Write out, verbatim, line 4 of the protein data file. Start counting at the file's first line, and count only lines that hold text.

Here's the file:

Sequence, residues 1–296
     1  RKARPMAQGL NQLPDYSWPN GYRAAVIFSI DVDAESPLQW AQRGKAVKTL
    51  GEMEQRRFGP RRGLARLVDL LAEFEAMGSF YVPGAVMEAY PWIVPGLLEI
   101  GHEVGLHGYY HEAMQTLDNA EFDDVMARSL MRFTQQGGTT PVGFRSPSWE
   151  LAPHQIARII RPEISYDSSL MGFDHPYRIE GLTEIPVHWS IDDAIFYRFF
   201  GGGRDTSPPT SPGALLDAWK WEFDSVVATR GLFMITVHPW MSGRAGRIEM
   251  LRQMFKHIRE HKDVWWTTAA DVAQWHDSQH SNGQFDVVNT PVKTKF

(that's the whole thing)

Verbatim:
   101  GHEVGLHGYY HEAMQTLDNA EFDDVMARSL MRFTQQGGTT PVGFRSPSWE